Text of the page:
The bar route
Hier sit die manne in die Royal Hotel, ek ken vir almal want ek is almal se pel …
(Here sit the guys in the Royal Hotel, I know them all because I’m everybody’s pal …)—David Kramer, Die Manne van die Royal Hotel
Nearly every dorp, town and suburb in South Africa boasts a pub, many of which have contributed to the national character. Where better to start than with the one that inspired David Kramer’s saloon anthem, The Bar of the Royal Hotel.
The Little Karoo town of Ladismith nestles in the folds of the Little Swartberg mountain range.
The imposing Towerkop, with its peak split by an angry witch flying overhead, looms above the double-storey, regency-style Royal Hotel.
The dark, smoky, wood-panelled pub, next to the dining room, is filled with a rich variety of ostrich feathers and memorabilia. Pride of place goes to a framed and autographed copy of Kramer’s hit, the inevitable photograph of Joel Stransky’s winning kick in the final of the 1995 Rugby World Cup and a mounted mielie captioned “Free State Vibrator”. A sign behind the bar asks: “Do infants have as much fun in infancy as adults have in adultery?”
The Panty Bar
Dotted along Paternoster Bay on the West Coast are the quaint, whitewashed fishermen’s cottages and across the road is the world-renowned Paternoster Hotel. To the side, in what used to be the old prison, is the Panty Bar presided over by Johan Carosini.
The crowded pub is decorated with such appalling taste that it takes on an appeal of its own. Obscene signs compete for space with panties and G-strings collected from honeymoon brides, eternal Christmas decorations, rubber breasts, penis candles, posters of nudes and other indelicate pictures—mainly of rugby players who do not play for Western Province or the Stormers.
So popular is the Panty Bar that it has spawned a copy, Ronnie’s Sex Shop, in the middle of nowhere between Barrydale and Ladismith.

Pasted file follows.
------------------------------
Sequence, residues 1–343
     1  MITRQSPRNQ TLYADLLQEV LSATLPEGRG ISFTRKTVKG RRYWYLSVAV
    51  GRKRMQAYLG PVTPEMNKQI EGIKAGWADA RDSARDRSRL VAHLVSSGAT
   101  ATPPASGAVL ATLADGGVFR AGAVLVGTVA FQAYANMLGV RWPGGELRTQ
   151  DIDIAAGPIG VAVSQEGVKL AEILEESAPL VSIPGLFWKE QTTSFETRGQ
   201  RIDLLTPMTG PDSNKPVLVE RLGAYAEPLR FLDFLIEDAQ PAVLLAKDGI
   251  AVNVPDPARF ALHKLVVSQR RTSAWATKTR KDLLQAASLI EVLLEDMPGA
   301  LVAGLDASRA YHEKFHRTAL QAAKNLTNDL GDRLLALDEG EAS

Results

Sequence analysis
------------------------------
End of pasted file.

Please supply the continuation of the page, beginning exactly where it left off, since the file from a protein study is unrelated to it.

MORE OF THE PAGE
The Star of the West
Fortune-seekers, adventurers and miners came from near and far to join the greatest diamond rush of all at Kimberley in the early 1870s when the greatest treasure house of all was found on a hillock, Colesberg Kopje, which soon began to disappear to become the Big Hole.
As this hill was crushed and razed, so, opposite it, rose the balconied Star of the West to give sustenance to the army of thirsty miners. In the 1980s, the bar, the oldest surviving one in Kimberley, was saved from demolition by Ivan Freel who restored it to its former glory—except for the toilets that until 1986 consisted of municipal buckets and a sign, “Don’t flush. You might flood the big hole”.
Up the worn staircase are the rooms used by Diamond Lil and her ladies, and even the grooves in the Oregon pine, carved from the frantic movements of beds, have been preserved. Lil, whose portrait hangs in one of the rooms, was paid for in diamonds, and it is reputed that she became one of the wealthiest people in the city.
On the other side of Kimberley is The Half—also restored by Freel—which was built in 1875 and became the world’s first drive-in bar.
The pub, which takes its name from the Halfway House Hotel, was the midpoint between the Bultfontein and Dutoitspan mines. Cecil Rhodes and his entourage used to stop at this oasis while riding the long and dreary road between these diggings.
Originally, a rock was placed outside the bar, on to which Rhodes could dismount from his colossal horse. The problem was that when he’d had his drink, Rhodes needed assistance to get back on his steed. To save face, he passed a local by-law that allowed patrons of The Half to be served while on horseback or riding in a carriage.
Rhodes’s ordinance was never rescinded and miners continued to drive up to The Half in their cars and flash their headlights for service—much to the consternation of moral watchdogs and bureaucrats. In 1962 the authorities tried to close it down, but the Supreme Court ruled that the pub and its practice of serving motorists “had historic value”.
The Licensing Board then ordered the owners to erect a 2m wall around the property, but failed to specify that it had to be above ground. The owners responded by digging a ditch and building the wall below ground.
Today there is a slight bump when driving up to the service area.